A two-hour drive away, in the city of Linköping, the company is planning an indoor system on a much larger scale: a 16-story “plantscraper” that will produce food throughout the building. Two-thirds of the building will include office space that can be rented to make the system financially viable, and, as in the underground farm, heat from the greenhouse will help heat the rest of the building. Conference rooms at the end of each floor will have views of the farm. The company and partners are still finalizing leases with prospective tenants, but plan for the building to be open in 2020 or 2021.

[Image: Plantagon, Sweco (Illustration)]
A similar farm is planned for a building in Singapore, where the lack of land for farming means that most produce is imported from other countries such as Malaysia. As Malaysia and other countries run out of its own arable land and their populations continue to grow–a pattern happening around the world–Singapore is increasingly interested in Plantagon’s vision of high-rise buildings focused on growing food locally. Cities in China that are already struggling to source enough food are also in talks with the company.

While the large-scale farms take more time to construct, the underground farms can be constructed quickly. The company is currently crowdfunding investment in the first farm. Hassle hopes to involve as many people as possible–not for financial reasons, but because he argues that citizens need to be active stakeholders in the burgeoning field of urban farming.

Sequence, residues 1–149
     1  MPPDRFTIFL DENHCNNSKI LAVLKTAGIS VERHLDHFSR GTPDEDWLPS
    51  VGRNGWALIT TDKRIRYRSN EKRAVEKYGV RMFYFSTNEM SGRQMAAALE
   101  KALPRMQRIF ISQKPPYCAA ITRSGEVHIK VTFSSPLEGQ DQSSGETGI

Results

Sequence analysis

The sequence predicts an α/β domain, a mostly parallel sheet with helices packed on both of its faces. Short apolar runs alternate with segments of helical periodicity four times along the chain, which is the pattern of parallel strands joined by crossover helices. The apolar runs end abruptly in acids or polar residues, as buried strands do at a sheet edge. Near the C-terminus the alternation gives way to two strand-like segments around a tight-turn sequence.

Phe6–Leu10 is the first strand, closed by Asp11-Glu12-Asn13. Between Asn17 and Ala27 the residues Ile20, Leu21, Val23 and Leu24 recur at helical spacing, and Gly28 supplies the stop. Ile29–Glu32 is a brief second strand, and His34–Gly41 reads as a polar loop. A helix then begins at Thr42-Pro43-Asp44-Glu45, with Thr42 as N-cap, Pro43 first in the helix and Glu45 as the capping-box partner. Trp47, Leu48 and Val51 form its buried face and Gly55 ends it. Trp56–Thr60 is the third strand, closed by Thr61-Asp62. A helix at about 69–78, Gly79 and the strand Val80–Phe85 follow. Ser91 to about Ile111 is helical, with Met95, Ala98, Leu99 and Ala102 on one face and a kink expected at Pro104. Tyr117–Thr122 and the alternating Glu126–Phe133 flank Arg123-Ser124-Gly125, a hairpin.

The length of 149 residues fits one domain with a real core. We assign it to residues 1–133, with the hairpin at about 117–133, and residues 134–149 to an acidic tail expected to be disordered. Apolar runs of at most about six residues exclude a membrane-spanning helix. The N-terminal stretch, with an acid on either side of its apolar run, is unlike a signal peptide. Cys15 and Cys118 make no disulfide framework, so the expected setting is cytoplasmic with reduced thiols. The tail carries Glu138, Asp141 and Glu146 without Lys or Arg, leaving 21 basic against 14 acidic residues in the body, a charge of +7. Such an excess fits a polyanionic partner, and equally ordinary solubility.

“To us, food production is not like running any business–food is like water, it’s a human right,” he says. “So it’s not only business as usual. This has lots to do with social responsibility and of course with environmental responsibility. That’s why we’re inviting people to be part of owning these facilities because they should have input.”

The company is also structured to be controlled partly by a nonprofit founded at the same time, a business model chosen to keep the company committed to larger goals than just maximizing profit. It’s a somewhat similar approach to B Corporations in the United States.

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“We tried to not only speak about this–because that could be lots of corporate bullshit when you say things like this,” Hassle says. “We actually try to institutionalize this in what we’re doing through the articles of incorporation and letting people be part and actually have influence over what we do.”

About the author

Adele Peters is a staff writer at Fast Company who focuses on solutions to some of the world's largest problems, from climate change to homelessness. Previously, she worked with GOOD, BioLite, and the Sustainable Products and Solutions program at UC Berkeley.